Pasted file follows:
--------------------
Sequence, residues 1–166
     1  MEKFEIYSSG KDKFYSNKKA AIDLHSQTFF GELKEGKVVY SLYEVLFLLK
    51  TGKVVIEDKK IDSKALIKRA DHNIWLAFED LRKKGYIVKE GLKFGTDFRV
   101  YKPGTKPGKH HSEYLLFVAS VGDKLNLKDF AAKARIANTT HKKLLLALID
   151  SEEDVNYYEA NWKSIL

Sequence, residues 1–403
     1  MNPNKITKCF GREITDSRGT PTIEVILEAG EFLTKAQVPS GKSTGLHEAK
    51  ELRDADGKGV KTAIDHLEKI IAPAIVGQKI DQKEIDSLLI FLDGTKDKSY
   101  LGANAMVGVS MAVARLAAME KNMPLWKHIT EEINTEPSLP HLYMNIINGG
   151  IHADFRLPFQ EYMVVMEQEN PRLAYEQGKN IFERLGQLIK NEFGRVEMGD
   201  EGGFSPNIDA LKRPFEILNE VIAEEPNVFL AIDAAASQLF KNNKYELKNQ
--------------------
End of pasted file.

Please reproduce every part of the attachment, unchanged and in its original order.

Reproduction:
Sequence, residues 1–166
     1  MEKFEIYSSG KDKFYSNKKA AIDLHSQTFF GELKEGKVVY SLYEVLFLLK
    51  TGKVVIEDKK IDSKALIKRA DHNIWLAFED LRKKGYIVKE GLKFGTDFRV
   101  YKPGTKPGKH HSEYLLFVAS VGDKLNLKDF AAKARIANTT HKKLLLALID
   151  SEEDVNYYEA NWKSIL

Sequence, residues 1–403
     1  MNPNKITKCF GREITDSRGT PTIEVILEAG EFLTKAQVPS GKSTGLHEAK
    51  ELRDADGKGV KTAIDHLEKI IAPAIVGQKI DQKEIDSLLI FLDGTKDKSY
   101  LGANAMVGVS MAVARLAAME KNMPLWKHIT EEINTEPSLP HLYMNIINGG
   151  IHADFRLPFQ EYMVVMEQEN PRLAYEQGKN IFERLGQLIK NEFGRVEMGD
   201  EGGFSPNIDA LKRPFEILNE VIAEEPNVFL AIDAAASQLF KNNKYELKNQ